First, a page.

Stray bullet: Glenmore woman shot while gardening
The Glenmore subdivision website touts the "simple joys of Southern living." In some quarters, shooting guns is such a joy, but that's one aspect of Southern life Justine Joscelyne never considered she'd encounter in the gated community east of Charlottesville.
It happened on Sunday evening around dusk.
"I was in the backyard watering my plants and felt this intense pain," says Joscelyne of the August 29 incident. "It was a shock. The bullet went through my right breast."
Joscelyne, 61, says because of the way she was standing, the bullet didn't damage internal organs–- but left her with both an entrance and exit wound.
"I'd been out in my yard about 40 minutes," she says. "I'd heard popping sounds and thought it was fireworks. I'm certain it was outside Glenmore."
Joscelyne's husband, Trevor, who is president of the Glenmore Community Association, took her from their Darby Road residence to the UVA Medical Center, where she was treated for non-life threatening injuries and released.
Police are investigating the shooting, according to a release, are examining "all possible scenarios." A follow-up call to Albemarle police spokesman Lieutenant Shawn Schwertfeger did not reveal additional details, but Justine Joscelyne is convinced her wound came from target shooting.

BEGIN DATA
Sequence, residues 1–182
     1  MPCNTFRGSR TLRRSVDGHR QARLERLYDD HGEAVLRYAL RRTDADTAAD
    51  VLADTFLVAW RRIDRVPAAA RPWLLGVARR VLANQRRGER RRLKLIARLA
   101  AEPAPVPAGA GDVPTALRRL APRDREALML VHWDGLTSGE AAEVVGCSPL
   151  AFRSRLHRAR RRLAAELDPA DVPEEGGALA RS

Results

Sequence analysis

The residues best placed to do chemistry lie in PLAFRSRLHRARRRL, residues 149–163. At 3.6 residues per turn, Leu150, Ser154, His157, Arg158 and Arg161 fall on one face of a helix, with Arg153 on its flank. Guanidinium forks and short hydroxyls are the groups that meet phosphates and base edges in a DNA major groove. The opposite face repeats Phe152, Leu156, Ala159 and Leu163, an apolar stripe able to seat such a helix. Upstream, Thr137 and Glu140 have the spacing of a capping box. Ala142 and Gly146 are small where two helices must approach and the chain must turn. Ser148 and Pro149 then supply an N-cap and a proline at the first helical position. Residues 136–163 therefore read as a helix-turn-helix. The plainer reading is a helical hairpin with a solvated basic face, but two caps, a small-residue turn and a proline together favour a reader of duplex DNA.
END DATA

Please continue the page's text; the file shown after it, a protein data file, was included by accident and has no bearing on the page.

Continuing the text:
"I would like people to do their target practice a long way from residences," she urges. "Police say they cannot recall an incident of people being hit by stray bullets. I think I was in the wrong place at the wrong time."
Actually, some veteran officers may recall the November 29, 1997, death of Janice Garrison. While standing in her Stony Point backyard, she was struck and killed by what appeared to be a high-powered rifle bullet. Police charged an Albemarle man with a firearms violation, but decided they didn't have sufficient evidence to charge him with Garrison's death.
Interviewed around noon after her Sunday night trauma, Justine Joscelyne says she's not fearful about going out in the yard again to water her nandinas.
"I'm feeling surprisingly all right," she says. "Life goes on."